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17/06/2009

Natural remedies for bee sting

(NaturalNews) Along with summer, comes pretty flowers. We all know how much bees are attracted to flowers. If you've ever experienced getting stung by a bee, you know how badly it can hurt. There are even certain people who are highly allergic to a bee's venom and could be seriously affected if left untreated. These people should seek medical attention immediately. However, for those of us who aren't affected in a life threatening way, here is what you should do when encountering the sting of a pesky bothersome bee.

Once you have been stung, remain calm. You will need to remove the stinger. Be careful that you do not break the stinger off in your skin as this can add more of the bee's poison to the area. If you are unable to get all of the stinger out, make a bread and milk poultice. Use stale bread mixed with a little milk, and place it on your sting. This may be held on with a clean soft cloth to give it time to pull the stinger out. Reapply a new poultice if necessary. Another type of poultice which may be applied is a wet tea bag. The tannic acid in tea helps with the swelling of a bee sting and the swelling may be what is causing the stinger to stay embedded. Black tea is the most effective type to use.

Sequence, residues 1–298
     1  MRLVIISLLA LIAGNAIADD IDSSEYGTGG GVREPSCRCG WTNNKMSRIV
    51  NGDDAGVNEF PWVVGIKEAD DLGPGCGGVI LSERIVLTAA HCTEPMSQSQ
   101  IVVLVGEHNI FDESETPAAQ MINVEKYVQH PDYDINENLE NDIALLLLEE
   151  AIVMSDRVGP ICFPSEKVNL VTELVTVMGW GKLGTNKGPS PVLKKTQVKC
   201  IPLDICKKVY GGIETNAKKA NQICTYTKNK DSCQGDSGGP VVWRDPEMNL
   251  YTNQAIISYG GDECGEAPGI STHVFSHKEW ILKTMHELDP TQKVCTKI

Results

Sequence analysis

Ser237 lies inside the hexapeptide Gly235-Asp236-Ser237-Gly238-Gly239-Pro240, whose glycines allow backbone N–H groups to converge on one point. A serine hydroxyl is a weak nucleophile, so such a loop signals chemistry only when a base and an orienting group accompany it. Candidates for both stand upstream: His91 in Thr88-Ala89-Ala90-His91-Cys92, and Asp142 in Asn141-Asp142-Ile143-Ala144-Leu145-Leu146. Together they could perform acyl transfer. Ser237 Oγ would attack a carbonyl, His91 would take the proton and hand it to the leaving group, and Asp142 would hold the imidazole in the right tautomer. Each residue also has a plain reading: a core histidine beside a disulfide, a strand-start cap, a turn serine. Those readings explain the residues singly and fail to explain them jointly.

Once the stinger has been completely removed, wash the area with warm water and a natural soap. If the area is causing pain, you may place ice on it. Slice a piece of potato, cucumber or an onion and place it directly on the sting area. Within a few hours, the bite will feel much better and a salve made of comfrey made be applied.

Another choice for overcoming the pain and swelling from the sting of a bee is a mixture of straight natural apple cider vinegar and baking soda. Apply this to the affected area. If you are able to collect a sample of rich soil, add water and turn it into a clay paste mixture. This can help to draw out the venom. If you happen to have any lavender or eucalyptus oil on hand, these may also be used to bring comfort.

Taking a natural supplement daily of B1, garlic or zinc, will make you less desirable to a bee. Certain dyes and perfumes as well as bright colors will attract bees so do all you can to experience a safe and happy summer.

Sources:
www.seekwellness.com
www.healthy.net
www.prevention.com

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